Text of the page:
"I can. I shouldn't, though," Thile said. "Really, the mandolin is the only thing I play with any kind of proficiency, and increasingly, it's really all I play. In my non-existent spare time I try to teach myself how to play the piano, which I'm really sort of at 'I'm a Little Teapot,' kind of a level right now. Multi-instrumentalism is really something that lost its luster to me once I started hearing people like Glenn Gould, just going, Oh my God, if I'm ever to play anything with as much substance, I'm really going to have to focus. So I kind of ditched the idea of playing all those various instruments."
I told him that when I was dabbling with the mandolin over the summer, I found Thile's mandolin tutorial, which he made some 10 years ago for Homespun Recordings. He laughed and said he couldn't vouch for anything he'd made so long ago. Nonetheless, it helped me quite a lot and changed the way I held a pick. I wondered if there was any controversy in the mandolin world about how to hold a pick – like our shoulder rest wars.
"There is, and I take a very hard line about it. I really do feel like there's a right way," Thile said. "Hold your hand out, relaxed, insert the pick, and move your hand as little as you can to support the pick, and that should be your hold. Basically, contorting your hand the least amount possible. I think that's always the best pick hold. Of course, that means that it's going to be a little bit different for everybody, but so is holding a bow."
He had mentioned, in the tutorial, to think of holding the pick almost to the point where it is falling out of the hand. It's not bad advice for a bow hold, as well.
"It's always the illusion of control," Thile said to me. "When you're grasping something hard, you're actually losing control. Your muscles certainly move less precisely when they are clenched."
The tutorial actually has instructions and sheet music for Thile's Ode To a Butterfly, which he wrote for Nickel Creek's first album – in this 10-year-old DVD, he'd just written it. I realized, he's been contributing to the mandolin oeuvre since he was a teenager. Is he a really composer at heart, or a performer?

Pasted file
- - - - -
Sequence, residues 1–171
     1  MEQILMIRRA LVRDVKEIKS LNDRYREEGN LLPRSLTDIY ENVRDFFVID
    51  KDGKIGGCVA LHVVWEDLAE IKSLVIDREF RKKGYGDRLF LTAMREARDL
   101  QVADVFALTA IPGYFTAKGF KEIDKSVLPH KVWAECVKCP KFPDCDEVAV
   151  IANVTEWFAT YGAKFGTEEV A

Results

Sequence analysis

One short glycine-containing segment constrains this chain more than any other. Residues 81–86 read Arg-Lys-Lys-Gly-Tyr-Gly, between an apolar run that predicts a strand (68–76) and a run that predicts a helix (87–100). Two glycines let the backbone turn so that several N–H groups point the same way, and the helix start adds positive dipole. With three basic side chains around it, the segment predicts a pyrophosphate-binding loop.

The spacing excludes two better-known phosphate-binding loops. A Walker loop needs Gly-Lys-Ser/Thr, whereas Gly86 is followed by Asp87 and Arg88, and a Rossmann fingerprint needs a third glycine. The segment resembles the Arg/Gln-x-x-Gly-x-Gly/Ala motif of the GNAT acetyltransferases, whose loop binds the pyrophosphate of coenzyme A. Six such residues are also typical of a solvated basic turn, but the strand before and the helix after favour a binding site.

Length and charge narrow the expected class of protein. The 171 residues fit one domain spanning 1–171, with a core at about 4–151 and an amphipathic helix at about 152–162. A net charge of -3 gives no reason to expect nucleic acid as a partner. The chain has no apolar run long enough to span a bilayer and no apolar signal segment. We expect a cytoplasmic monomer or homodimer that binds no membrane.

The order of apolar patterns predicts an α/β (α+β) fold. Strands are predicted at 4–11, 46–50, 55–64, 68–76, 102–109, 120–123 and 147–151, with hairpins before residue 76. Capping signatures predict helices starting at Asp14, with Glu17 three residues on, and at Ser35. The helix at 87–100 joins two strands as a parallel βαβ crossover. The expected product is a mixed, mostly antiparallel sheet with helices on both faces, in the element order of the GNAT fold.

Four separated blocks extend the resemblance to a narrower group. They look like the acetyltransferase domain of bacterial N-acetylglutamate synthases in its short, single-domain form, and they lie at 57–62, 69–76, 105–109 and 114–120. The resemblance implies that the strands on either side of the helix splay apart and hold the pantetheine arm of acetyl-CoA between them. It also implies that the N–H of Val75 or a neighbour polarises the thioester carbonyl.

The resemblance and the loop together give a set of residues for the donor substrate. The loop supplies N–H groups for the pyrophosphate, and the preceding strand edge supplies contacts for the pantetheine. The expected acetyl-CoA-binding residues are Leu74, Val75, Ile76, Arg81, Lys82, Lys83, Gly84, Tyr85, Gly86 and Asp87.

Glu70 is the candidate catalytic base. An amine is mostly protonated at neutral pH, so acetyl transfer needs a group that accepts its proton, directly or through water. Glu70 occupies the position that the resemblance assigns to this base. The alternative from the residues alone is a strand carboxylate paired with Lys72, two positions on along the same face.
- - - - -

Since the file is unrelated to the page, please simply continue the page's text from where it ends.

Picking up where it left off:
"I think I'm right in the middle," Thile said. "I get so much out of composing music, but I get a whole lot out of performing it as well. I'm not happy when I'm doing too much of either. I need a little of the other, or I don't feel like I've struck balance. I feel like my life as an instrumentalist impacts my life as a composer, and vice-versa."
Thile acknowledged that this song, written about a James Joyce story, "points more toward the kind of harmony that I started getting more and more interested in." The song was written by by Thile and Nickel Creek violinist Sara Watkins, for Nickel Creek's album, "Why Should the Fire Die?" It's my favorite, enjoy.
From Michael Divino
Posted on September 17, 2009 at 1:28 AM
A great interview.
From Pauline Lerner
Posted on September 17, 2009 at 4:06 AM
Thanks for the interview, Laurie. Your interviews are really broadening our perceptions of music.
From Laurie Niles
Posted on September 17, 2009 at 4:32 PM
Nice article in the Denver Post by Kyle MacMillan before the performance, then the review by of the Thursday premiere: The Denver Post. Be sure to read the wonderful comment at the bottom of that review.
From Dottie Goldfarb
Posted on September 19, 2009 at 6:29 PM
Laurie, This is exciting for me because I live in Idyllwild where Chris Thile was brought up and I remember him as a cute little musical prodigy playing fiddle and mandolin with his father playing stand up bass. I always knew he would be famous some day. Thank you for sharing his accomplishments.
This entry has been archived and is no longer accepting comments.
Hear more from the world's top violinists in The Violinist.com Interviews: Volume 1, which includes our exclusive conversations with Joshua Bell, Sarah Chang, and David Garrett, and others, as well as a foreword by Hilary Hahn.
Laurie Niles is from Pasadena, California. Biography
Please consider supporting Violinist.com by becoming a sponsor, and reaching our dedicated community of violin professionals, students and fans!